Further complications further arise from the subversive elements beneath and between platform companies, particularly the development of blockchain technology and trustless systems of exchange and communication. Blockchains in particular present the potential for whole systems of posthuman users through decentralised autonomous organisations that are given a series of codes that then set how they produce things and interact with others. This is both autopoietic, as the system reproduces itself through its laws and codes, and allopoietic, as it integrates user information and produces new contracts, methods of data gathering, and markets for the use and exchange of data, thereby expanding the system and ingraining the potential for new accidents to change its governing mechanisms. “Public blockchains may allow aggregation without the aggregators. For certain use cases, perhaps few, perhaps many, public blockchains like bitcoin will allow the organization and coordination benefits of firms and the motivation of markets while maintaining a large selectorate”. The nexus of contracts that make up firms and create their dividual lines produces further forms of dividuation as these contracts spread out beyond firms, organising users in systems like blockchains that don’t require the intermediation of a trusted third party (whether that be a platform or a government).
Here we see the production of new relations between humans and between humans and other abstractions such as logistical networks and autonomous blockchain entities. Markets in everything then expands the addressability of lives and relations between things, further adding informational complexity as well as producing sub-routing potentials that both decentralise knowledge, information and capital, as well as allowing actors to wall off and border blockchain topologies, developing specific blockchain sovereignties and differing levels of techonomic autonomy. This creates varieties of market beyond current institutional controls, thus moving us beyond institutional “modernities” toward “multiple modernities” and “modes of regulation” as a meta-anarchy of sovereign and sub-sovereign relations collide. Market ontologies of various kinds combine and contrast with posthuman user-subjects, creating new areas of private totalitarian control as well as new methods of independence and autonomy away from our current institutional modernities.
How then governance structures interact with these autopoietic systems produces those fields of potentiality and battlespaces that define the ways users are defined and governed. The individual is no longer the centre, as instead corporate rights interact with contracts of relations that structure exchange and markets, as well as systems of definitions and profiles that become our public-facing identities. New forms of citizenship and integration are borne as we define ourselves by either our anonymity/pseudonymity on blockchains, or through our corporate nexus within platforms and social media. These systems (corporate, blockchain, platform, citizenship) are developing their own methods of cognition from their constituent parts, combining and contrasting their subsystems to continually adapt and survive, as well as thrive. Methods of autopoiesis and allopoiesis are developing from these systemic concatenations.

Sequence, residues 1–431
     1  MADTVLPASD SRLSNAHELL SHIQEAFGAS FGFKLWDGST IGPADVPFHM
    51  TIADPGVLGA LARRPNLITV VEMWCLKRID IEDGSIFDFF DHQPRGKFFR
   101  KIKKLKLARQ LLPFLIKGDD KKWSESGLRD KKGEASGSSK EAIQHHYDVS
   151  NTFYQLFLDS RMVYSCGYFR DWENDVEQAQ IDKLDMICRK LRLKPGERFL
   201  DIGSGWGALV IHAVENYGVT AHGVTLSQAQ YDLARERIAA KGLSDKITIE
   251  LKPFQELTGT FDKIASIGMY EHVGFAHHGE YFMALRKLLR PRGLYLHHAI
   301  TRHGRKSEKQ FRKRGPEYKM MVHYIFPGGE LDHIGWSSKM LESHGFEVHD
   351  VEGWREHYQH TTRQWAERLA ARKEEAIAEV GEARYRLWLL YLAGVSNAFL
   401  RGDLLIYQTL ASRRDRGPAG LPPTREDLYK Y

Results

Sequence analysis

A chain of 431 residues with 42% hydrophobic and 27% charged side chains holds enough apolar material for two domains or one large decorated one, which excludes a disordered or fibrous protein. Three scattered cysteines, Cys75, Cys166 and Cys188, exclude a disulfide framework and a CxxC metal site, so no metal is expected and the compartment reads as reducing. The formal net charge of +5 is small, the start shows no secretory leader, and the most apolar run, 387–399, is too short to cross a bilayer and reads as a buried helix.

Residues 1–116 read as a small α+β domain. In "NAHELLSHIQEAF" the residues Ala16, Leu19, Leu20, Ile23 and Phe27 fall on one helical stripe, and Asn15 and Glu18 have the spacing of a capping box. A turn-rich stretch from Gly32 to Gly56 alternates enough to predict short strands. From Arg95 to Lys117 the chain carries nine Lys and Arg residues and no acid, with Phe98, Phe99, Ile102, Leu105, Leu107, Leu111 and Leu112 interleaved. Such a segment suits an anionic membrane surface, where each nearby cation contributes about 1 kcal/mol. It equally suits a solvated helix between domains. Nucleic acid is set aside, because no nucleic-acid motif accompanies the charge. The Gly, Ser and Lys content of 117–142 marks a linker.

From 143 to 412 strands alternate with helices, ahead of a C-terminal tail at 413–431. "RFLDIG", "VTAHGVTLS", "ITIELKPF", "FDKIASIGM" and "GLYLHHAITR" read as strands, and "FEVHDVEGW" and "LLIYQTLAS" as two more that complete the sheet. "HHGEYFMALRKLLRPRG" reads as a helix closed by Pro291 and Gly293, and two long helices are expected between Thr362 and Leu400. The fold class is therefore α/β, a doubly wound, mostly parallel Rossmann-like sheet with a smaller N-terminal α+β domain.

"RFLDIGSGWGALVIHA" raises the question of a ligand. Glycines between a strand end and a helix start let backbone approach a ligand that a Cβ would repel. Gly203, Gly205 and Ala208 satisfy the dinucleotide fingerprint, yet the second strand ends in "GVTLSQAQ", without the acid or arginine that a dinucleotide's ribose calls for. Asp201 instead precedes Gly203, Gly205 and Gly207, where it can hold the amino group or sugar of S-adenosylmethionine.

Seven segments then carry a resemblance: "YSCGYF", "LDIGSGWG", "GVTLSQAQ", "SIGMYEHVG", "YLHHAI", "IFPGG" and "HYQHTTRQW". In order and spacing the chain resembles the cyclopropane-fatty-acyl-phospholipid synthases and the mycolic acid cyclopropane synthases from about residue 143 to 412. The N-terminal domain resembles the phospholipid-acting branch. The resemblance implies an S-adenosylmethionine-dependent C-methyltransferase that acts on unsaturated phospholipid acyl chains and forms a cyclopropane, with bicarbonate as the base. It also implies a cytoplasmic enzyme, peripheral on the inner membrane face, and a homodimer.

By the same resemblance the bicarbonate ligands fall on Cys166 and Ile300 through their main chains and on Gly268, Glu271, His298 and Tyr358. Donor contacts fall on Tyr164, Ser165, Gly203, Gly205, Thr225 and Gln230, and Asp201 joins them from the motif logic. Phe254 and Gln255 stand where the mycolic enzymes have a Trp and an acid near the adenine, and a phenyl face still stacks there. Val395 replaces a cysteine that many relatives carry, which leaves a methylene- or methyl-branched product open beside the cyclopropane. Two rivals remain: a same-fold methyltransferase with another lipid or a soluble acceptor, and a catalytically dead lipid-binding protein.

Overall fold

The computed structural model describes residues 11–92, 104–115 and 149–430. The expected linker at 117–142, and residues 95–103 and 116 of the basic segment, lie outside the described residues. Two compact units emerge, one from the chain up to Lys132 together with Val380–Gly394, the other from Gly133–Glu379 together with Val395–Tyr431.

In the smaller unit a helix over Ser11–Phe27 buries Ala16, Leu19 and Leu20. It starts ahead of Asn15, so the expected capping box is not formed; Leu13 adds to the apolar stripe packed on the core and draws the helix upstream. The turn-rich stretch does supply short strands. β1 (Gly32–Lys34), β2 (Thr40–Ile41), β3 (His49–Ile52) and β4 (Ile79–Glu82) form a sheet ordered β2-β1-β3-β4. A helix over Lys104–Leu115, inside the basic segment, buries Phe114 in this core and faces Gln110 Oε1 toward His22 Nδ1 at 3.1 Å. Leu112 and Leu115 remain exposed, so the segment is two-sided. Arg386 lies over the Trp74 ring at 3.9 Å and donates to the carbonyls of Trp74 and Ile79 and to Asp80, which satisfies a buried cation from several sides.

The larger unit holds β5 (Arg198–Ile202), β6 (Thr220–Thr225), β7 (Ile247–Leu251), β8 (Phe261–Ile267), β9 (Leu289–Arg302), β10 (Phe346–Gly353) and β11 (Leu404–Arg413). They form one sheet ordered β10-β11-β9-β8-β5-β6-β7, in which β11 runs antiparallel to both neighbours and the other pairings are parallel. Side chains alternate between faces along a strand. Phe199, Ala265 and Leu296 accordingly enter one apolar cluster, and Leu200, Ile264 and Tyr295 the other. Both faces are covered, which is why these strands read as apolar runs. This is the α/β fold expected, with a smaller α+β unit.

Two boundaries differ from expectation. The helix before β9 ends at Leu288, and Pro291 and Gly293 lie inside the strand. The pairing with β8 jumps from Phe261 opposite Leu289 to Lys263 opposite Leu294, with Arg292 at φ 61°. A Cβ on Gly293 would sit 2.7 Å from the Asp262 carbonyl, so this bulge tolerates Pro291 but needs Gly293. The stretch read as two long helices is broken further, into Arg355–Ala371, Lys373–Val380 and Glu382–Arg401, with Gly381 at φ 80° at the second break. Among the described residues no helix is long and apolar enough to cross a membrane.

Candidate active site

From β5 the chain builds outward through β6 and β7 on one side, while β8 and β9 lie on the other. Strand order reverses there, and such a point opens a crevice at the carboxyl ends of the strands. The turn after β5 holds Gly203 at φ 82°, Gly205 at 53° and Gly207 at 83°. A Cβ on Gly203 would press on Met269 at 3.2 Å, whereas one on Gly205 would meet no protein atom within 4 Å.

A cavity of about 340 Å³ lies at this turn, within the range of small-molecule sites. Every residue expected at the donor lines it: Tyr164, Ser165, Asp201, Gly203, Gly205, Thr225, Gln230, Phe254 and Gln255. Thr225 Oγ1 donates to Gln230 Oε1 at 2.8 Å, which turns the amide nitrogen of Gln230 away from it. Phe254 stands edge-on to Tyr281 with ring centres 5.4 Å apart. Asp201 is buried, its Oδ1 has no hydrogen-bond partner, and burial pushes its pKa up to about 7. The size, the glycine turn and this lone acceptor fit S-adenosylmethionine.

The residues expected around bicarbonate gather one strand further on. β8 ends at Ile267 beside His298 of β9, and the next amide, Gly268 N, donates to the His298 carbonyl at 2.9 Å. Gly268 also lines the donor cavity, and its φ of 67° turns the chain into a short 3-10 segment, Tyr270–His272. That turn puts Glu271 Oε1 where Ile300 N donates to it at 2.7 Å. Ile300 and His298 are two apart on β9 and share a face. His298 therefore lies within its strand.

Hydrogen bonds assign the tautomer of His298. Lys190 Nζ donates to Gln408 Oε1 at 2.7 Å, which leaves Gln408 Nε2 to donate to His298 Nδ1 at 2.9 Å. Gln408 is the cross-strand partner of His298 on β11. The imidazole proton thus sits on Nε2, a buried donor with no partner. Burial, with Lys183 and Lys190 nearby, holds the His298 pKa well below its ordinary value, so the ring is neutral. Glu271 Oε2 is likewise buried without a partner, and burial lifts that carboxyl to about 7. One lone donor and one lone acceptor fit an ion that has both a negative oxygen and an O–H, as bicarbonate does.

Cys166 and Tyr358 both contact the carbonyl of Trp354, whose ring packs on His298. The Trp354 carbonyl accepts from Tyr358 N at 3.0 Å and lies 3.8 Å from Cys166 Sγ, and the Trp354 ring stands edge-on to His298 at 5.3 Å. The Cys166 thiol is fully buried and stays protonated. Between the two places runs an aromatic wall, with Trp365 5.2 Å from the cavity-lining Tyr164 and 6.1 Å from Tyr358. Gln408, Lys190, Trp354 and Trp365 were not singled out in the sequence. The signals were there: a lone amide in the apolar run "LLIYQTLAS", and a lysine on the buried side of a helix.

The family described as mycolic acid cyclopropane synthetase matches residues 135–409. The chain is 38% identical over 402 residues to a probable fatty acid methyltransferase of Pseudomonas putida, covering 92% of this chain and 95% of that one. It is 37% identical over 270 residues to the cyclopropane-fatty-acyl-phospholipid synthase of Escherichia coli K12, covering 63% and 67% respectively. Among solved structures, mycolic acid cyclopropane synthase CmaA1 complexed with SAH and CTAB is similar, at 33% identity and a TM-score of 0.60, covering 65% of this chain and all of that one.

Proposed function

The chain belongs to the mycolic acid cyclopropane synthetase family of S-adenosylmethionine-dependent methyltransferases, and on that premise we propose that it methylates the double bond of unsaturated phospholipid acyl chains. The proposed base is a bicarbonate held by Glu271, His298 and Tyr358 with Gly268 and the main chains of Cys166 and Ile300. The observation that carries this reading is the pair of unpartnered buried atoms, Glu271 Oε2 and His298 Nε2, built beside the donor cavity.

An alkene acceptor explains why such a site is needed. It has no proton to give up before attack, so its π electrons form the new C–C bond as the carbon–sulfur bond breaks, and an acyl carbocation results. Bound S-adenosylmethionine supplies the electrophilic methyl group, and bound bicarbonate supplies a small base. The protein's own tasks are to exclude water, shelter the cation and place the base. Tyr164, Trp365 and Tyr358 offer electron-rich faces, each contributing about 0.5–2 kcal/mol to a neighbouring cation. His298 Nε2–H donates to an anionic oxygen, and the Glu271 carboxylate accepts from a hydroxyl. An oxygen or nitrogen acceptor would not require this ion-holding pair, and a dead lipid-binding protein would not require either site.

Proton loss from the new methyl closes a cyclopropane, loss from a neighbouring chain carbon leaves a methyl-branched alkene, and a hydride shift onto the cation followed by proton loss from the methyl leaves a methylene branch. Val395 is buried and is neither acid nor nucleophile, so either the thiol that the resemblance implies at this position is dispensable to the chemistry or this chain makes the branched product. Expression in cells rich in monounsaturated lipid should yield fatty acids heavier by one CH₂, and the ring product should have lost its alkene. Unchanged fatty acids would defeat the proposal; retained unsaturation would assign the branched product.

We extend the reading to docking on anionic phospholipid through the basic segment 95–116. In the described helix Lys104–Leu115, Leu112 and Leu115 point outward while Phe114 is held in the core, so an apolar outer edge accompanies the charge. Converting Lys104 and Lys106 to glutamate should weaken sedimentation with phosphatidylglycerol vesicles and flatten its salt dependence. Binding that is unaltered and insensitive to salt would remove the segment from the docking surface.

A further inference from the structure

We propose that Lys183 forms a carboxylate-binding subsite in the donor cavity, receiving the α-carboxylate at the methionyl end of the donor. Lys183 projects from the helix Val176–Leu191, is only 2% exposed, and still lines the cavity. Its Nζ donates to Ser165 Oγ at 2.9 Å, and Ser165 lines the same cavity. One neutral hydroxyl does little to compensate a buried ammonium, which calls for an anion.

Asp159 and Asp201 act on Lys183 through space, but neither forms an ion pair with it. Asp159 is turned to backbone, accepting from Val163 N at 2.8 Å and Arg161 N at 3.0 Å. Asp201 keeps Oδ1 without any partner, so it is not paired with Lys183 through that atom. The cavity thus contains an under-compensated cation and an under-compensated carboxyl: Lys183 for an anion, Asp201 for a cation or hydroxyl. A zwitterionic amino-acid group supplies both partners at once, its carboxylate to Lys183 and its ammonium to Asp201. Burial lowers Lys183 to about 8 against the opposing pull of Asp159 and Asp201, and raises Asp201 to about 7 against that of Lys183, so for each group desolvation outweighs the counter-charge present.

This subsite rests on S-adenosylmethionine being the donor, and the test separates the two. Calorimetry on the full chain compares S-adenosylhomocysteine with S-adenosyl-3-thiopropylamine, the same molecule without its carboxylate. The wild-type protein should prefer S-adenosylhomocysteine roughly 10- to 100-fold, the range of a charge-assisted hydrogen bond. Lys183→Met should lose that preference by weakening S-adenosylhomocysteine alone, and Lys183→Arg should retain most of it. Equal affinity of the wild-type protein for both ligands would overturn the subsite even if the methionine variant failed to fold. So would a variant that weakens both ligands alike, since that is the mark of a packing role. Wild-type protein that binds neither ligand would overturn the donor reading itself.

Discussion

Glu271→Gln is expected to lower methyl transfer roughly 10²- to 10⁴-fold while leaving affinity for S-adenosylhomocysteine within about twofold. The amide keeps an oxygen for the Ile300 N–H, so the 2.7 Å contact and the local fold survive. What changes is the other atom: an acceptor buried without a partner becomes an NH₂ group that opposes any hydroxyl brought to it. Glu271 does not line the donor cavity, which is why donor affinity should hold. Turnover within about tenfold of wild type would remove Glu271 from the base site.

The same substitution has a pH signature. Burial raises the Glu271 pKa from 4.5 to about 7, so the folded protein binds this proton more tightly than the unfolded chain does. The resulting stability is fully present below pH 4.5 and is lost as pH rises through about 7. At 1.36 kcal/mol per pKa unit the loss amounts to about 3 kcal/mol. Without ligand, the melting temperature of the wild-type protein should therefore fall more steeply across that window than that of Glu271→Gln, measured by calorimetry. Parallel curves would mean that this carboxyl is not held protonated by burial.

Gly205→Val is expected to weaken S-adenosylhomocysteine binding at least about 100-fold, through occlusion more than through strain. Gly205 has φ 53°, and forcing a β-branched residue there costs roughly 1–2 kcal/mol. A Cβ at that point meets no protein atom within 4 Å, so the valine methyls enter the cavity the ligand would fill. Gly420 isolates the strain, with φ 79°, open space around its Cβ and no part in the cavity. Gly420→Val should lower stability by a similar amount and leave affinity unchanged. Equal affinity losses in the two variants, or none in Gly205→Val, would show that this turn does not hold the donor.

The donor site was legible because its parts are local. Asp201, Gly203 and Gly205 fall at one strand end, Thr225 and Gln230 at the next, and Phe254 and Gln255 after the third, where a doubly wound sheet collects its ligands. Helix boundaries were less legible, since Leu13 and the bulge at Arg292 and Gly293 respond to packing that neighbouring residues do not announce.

On a different tack, dividual lines that produce new forms of subjectivity can be seen in the dispersion and conflicts surrounding citizenship, national identity and sovereignty in liberal nation-states today, particularly the US and UK. The development of networked tribes and populist subversion have produced ontological clashes between two different forms of sovereign understanding that intersect these nation-states both geographically and temporally. Modes of conflictual sovereignties have developed within these nations that develop radically different understandings of what a nation-state is and should be in the international system. These can be defined as logistical sovereignty and cultural sovereignty.
Logistical sovereignty denotes an understanding that prises cosmopolitanism, international flows of trade and knowledge, shared and scaled international cooperation, and a perspective that generally sees sovereignty as something tradable and negotiatory. Those who voted remain in the European referendum or oppose Trump tend to fall within this ideological purview. They are metropolitan, university educated and fit well within the knowledge economy. “Research conducted by the Centre For Towns think-tank (based in Bolton, in the United Kingdom,) has highlighted the ways in which the transition from an industrialised economy to a post-industrial knowledge economy, since the 1980s, has seen the big cities and university towns become younger, in terms of their demographic profile, as the smaller non-uni towns have become older”. They tend to hold liberal views surrounding culture due to their location (generally multicultural cities), education and age. “This transition from an industrialised economy to a knowledge economy and the corollary rapid and large expansion in higher education participation has fundamentally altered our political geography”. This profound change led to a geographic concentration of liberal ideology within metropolitan areas, where the large majority of both votes against Trump and votes for remain came from.